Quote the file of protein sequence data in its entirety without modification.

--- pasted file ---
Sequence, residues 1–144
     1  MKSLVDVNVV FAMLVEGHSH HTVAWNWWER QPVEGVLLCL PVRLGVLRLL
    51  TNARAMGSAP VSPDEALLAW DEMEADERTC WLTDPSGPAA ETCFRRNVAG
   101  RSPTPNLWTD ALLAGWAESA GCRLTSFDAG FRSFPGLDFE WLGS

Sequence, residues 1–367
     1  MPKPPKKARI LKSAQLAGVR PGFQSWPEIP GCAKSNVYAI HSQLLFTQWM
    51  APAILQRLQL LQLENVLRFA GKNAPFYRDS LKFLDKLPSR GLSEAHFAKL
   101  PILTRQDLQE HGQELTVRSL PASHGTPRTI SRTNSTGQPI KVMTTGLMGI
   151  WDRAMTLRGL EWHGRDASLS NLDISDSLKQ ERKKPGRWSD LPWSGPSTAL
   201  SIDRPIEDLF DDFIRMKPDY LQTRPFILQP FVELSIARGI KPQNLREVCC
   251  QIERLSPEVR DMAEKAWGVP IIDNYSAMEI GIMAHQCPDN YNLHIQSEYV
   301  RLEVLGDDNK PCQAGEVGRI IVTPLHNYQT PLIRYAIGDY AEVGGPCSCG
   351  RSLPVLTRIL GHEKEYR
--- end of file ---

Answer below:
Sequence, residues 1–144
     1  MKSLVDVNVV FAMLVEGHSH HTVAWNWWER QPVEGVLLCL PVRLGVLRLL
    51  TNARAMGSAP VSPDEALLAW DEMEADERTC WLTDPSGPAA ETCFRRNVAG
   101  RSPTPNLWTD ALLAGWAESA GCRLTSFDAG FRSFPGLDFE WLGS

Sequence, residues 1–367
     1  MPKPPKKARI LKSAQLAGVR PGFQSWPEIP GCAKSNVYAI HSQLLFTQWM
    51  APAILQRLQL LQLENVLRFA GKNAPFYRDS LKFLDKLPSR GLSEAHFAKL
   101  PILTRQDLQE HGQELTVRSL PASHGTPRTI SRTNSTGQPI KVMTTGLMGI
   151  WDRAMTLRGL EWHGRDASLS NLDISDSLKQ ERKKPGRWSD LPWSGPSTAL
   201  SIDRPIEDLF DDFIRMKPDY LQTRPFILQP FVELSIARGI KPQNLREVCC
   251  QIERLSPEVR DMAEKAWGVP IIDNYSAMEI GIMAHQCPDN YNLHIQSEYV
   301  RLEVLGDDNK PCQAGEVGRI IVTPLHNYQT PLIRYAIGDY AEVGGPCSCG
   351  RSLPVLTRIL GHEKEYR